We have split DNS set up for our domain, which causes internal clients to resolve different DNS records from external clients.

As it is right now, the two zones are managed completely separately. For records that differ between internal and external, it's no problem, but for everything else, all of the records have to be duplicated in both places. Most CNAME records, MX records, SPF records, and some A records all need to be entered and maintained in both places.

While this isn't inherently unacceptable, data duplication like this is less than ideal from a design perspective. I feel like ideally, the internal nameserver would simply forward results from the external nameserver, but allow for us to override or add additional records. While it looks like I could use a designated forwarder (like dnsmasq) to do something like this, the flat file configuration would make it difficult to sell the idea to the rest of the team.

Aside from that, the best solution I've been able to come up with consists of PowerDNS with a MySQL backend and web interface. This makes it fairly easy to add a zone and root A record for each sub-domain we'd like to override (e.g. www.example.com), which means other records on the root domain (e.g. example.com) will still be forwarded from the external nameserver.

That still seems like I'm straying kind of far from the norm for something that's supposedly very common, right? Is there a cleaner way to manage Split DNS without maintaining duplicate records? Or is there something I'm missing?


In a network where one of the authoritative nameservers sits on the border of the internal network, I use bind views and the $INCLUDE directive:


@ IN SOA ns1 hostmaster ( 12345; 1D; 2M; 1M; 3H )
  IN NS ns1
  IN NS ns2

  IN MX 10 mail

  www               IN A
  other-public-host IN A


$INCLUDE mydomain-global.zone

an-internal-record IN A
_kerberos          IN SRV 0 0 88 dir

The zones are chosen based on view definitions:

view "internal" {
  match-clients {; };
  zone "mydomain" {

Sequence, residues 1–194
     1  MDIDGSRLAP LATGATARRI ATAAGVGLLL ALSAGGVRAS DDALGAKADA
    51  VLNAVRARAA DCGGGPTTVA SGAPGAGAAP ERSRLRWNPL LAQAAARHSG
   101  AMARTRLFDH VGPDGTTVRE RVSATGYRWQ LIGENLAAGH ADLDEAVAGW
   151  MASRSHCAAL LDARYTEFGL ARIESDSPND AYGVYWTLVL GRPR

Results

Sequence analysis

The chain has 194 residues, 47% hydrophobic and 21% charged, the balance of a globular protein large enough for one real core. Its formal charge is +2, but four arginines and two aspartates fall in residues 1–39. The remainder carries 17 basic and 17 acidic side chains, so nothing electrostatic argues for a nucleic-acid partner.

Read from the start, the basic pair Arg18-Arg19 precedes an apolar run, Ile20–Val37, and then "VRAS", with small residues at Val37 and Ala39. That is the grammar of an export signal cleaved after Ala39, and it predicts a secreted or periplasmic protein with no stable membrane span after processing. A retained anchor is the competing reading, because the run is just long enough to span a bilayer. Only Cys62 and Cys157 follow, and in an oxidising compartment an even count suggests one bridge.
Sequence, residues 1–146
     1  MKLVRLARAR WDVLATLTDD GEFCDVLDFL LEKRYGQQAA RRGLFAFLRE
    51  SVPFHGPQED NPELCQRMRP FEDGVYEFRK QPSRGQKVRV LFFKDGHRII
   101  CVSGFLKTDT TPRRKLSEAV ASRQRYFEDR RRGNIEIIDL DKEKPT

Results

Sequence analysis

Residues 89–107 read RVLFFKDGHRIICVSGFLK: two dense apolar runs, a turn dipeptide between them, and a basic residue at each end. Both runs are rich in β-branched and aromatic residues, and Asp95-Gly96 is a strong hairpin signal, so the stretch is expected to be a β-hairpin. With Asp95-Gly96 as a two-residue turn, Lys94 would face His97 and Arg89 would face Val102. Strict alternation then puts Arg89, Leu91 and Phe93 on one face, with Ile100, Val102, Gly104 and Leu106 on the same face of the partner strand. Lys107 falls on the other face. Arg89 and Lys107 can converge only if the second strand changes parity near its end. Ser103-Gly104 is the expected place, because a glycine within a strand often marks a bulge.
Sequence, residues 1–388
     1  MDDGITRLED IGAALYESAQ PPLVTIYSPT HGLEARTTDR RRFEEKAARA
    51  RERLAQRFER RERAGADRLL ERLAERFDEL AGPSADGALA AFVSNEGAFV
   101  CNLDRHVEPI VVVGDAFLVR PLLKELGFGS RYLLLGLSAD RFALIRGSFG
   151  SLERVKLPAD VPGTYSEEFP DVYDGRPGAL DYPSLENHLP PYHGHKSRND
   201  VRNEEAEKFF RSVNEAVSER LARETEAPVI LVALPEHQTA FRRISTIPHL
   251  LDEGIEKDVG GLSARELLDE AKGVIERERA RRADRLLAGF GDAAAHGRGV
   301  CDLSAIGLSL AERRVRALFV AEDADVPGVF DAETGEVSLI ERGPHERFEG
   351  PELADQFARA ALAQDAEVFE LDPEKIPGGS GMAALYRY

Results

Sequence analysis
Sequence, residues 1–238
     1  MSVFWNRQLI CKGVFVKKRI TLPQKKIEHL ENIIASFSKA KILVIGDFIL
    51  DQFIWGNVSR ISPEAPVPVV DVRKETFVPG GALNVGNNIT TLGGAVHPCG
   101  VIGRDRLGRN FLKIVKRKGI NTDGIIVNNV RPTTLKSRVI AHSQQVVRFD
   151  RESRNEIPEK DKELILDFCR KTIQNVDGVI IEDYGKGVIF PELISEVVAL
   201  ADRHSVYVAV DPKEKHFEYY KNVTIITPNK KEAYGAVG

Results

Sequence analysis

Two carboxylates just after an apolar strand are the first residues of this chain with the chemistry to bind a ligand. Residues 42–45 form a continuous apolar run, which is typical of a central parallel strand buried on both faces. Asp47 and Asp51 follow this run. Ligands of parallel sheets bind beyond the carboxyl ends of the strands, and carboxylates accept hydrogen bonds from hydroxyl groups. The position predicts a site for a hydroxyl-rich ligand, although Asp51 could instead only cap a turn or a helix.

type master;
    file "mydomain-internal.zone";
  include "named.conf.internalzones";

view "global" {
  match-clients { any; };
    zone "mydomain" {
    type master;
    file "mydomain-global.zone";

To be able to assign a record different targets for internal/external queries, add two further zone fragments and $INCLUDE at the bottom of mydomain-(internal|global).zone.

  • That's an excellent idea. I hadn't thought of doing it that way, but it's conceptually exactly what I'm looking for. Our external DNS will soon be hosted separately, though, so I don't think this particular method would work in our case. – Moduspwnens Oct 27 '11 at 23:06
  • If your hoster supports this, you could still run your own resolver and use it as a (hidden) master server. IMO it's a really convenient way to manage one's zones. – al. Oct 28 '11 at 12:21

The fact that zones must have a single authoritative point of administration is inherent in the way DNS works; there's very little chance of this changing any time soon.

The best (and official) way to automate this is with ddns and nsupdate. DDNS has a defined format and can be secured, and scripted in any way you need.

  • I think this answer would be far more valuable if it provided information on how to configure DDNS in various networks or at least provided links to resources with more information on using DDNS with split DNS. – Thomas Nov 8 '17 at 17:45

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